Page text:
If I had to criticize, I think it’s something very similar that the author herself complained in that she made the Lunar Gift too powerful. I’ve experienced this problem before, and while she introduced the concept of shells (Lunars without the gift and also immune to manipulation) it honestly raised a lot of questions. For the most part, it’s royalty and the thaumaturges that have the strongest use of the gift, and while some people are selected because they’re easily to manipulate (guards, for instance) it strikes me as something that could be a problem in Lunar Society in general – it’s sort of gone into because at one point, Levana is badly burned and scarred because her sister took control of her, and that seems like something her parents should have anticipated (not so much the burning but children being children they don’t always forsee the consequences of their actions. Imagine being mad at your brother for ripping the head off your dolly and you make him run full tilt into the wall and give himself a concussion). Because they can control one another, not having a bioelectric signature gives away a shell, but it just felt like it was a major issue because it came across in the first book more like fairy glamour – they can make you see what you want, and even manipulate emotions. By the end Lunars were able to seize control of people and make them do whatever they wanted, including self-harm and suicide and even rape. I would have explained it that only a select few such as thaumaturges can manipulate the body, but given the advantages the majority of Lunars would have over Earthens, if there was prejudice against cyborgs all Lunars would be treated very suspiciously. It could have even been a status symbol to leave the sector if someone had a gift, and an aristocratic family could lose a member if they weren’t able to perform at certain levels. What we got was the rich aristocracy living posh and making themselves uber attractive and the commoners slaving in the outer sectors, giving it that Hunger Games vibe.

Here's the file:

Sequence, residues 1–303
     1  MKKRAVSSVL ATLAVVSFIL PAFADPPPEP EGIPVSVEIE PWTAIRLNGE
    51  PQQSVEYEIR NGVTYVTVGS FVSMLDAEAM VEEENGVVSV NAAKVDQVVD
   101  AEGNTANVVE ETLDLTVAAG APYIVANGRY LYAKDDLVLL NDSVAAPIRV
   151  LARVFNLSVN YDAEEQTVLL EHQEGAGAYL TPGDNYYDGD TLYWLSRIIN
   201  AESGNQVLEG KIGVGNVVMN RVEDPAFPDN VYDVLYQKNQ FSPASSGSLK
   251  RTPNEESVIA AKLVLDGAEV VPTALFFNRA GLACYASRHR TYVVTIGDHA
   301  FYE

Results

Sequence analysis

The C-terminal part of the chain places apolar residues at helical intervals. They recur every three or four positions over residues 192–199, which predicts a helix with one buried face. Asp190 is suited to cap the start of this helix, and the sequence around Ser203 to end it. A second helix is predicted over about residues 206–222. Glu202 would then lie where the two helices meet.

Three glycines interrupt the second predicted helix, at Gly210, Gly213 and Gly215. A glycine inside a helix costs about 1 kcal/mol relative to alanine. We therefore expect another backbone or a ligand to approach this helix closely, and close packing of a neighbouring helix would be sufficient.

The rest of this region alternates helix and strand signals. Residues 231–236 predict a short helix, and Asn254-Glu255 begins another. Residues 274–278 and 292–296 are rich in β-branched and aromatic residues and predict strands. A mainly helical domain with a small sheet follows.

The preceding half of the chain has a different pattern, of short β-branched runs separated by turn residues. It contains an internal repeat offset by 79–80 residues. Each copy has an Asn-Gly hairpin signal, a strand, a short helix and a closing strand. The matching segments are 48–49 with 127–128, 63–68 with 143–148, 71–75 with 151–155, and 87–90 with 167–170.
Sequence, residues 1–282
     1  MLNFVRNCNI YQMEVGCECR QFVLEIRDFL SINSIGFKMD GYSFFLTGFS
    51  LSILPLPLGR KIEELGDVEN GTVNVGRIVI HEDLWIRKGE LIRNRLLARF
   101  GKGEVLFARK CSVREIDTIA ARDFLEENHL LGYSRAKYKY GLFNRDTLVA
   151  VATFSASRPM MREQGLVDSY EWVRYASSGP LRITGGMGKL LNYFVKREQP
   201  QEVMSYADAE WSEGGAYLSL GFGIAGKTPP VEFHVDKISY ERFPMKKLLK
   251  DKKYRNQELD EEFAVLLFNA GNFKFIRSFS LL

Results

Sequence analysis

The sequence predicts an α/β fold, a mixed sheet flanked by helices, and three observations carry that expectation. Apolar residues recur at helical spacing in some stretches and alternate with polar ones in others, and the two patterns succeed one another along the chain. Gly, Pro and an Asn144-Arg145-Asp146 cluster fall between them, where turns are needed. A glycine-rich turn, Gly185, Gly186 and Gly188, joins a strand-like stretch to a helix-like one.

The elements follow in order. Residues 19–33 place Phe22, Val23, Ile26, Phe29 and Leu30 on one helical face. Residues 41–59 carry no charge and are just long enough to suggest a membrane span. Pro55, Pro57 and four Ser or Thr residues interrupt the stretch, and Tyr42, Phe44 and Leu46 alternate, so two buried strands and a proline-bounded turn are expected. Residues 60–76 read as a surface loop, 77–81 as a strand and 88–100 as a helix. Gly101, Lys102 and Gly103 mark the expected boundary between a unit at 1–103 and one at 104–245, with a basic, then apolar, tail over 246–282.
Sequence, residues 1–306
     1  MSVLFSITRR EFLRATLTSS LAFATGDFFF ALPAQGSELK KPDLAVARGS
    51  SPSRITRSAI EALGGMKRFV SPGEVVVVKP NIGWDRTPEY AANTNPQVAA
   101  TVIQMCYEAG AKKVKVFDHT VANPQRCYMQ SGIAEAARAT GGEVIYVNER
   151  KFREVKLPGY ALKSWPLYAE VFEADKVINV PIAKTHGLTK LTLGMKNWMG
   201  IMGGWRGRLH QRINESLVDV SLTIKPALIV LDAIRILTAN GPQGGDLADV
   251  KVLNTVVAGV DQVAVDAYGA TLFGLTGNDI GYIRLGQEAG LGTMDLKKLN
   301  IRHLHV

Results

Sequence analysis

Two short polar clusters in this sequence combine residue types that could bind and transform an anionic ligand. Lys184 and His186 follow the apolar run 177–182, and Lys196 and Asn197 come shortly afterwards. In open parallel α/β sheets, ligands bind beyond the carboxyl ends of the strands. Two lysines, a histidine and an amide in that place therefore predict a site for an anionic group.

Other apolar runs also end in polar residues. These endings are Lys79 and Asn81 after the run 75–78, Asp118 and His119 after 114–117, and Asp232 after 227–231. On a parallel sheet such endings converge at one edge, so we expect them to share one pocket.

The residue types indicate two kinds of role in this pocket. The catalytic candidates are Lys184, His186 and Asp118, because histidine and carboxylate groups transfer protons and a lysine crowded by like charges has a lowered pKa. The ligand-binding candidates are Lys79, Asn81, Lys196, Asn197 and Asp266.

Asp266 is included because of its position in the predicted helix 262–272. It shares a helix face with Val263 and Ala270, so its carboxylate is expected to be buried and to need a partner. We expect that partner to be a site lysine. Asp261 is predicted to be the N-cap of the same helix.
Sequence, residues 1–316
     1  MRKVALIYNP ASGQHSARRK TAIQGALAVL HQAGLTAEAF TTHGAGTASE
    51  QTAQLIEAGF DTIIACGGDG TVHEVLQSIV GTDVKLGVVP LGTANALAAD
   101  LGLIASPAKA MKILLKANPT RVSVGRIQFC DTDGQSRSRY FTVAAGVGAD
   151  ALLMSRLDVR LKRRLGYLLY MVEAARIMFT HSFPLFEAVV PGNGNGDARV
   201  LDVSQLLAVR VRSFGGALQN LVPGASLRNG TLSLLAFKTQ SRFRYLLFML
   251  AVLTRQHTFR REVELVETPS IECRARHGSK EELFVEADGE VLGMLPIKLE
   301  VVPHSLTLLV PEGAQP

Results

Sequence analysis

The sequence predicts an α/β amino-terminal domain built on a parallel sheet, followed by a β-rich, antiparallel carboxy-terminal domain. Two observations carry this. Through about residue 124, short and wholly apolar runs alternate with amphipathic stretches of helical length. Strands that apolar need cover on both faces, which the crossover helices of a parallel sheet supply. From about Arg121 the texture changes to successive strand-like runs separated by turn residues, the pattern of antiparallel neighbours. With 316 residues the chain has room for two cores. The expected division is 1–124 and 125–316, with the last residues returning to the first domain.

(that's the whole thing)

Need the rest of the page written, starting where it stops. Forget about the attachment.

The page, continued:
I think the big issue for me was that Levana obviously wanted Emperor Kaito so she could launch an invasion on earth, but the other leaders of Earth were all like, “I guess this is for the best” and sat on their hands. While Luna is developing biological weapons and enhanced soldiers, it’s also heavily implied that the Lunars are vastly outnumbered. The arguement is that they’re not willing to do anything because they have the antidote or that no one else is developing technology to block the Lunar Gift and I don’t understand why at least one leader would be all like, “We’re going to start putting holes in your pretty domes and watch the air leak out until we have what we want.” It culminates with Kai even giving a similar order himself – destroy Artemesia if things go south – he’s really doing everything to get that antidote, but it seems to me that waiting on a teenage Emperor while your people are dying on mass – and he has to marry the evil leader who set wearwolves on your people – I know the plot isn’t about what other world leaders would do (and quite frankly, most world leaders aren’t elected so they might not really care about their people) but here’s what I imagine the American regulars would be like, let alone the guys elected to office. For whatever reason, they’re hillbillies a la King of the Hill: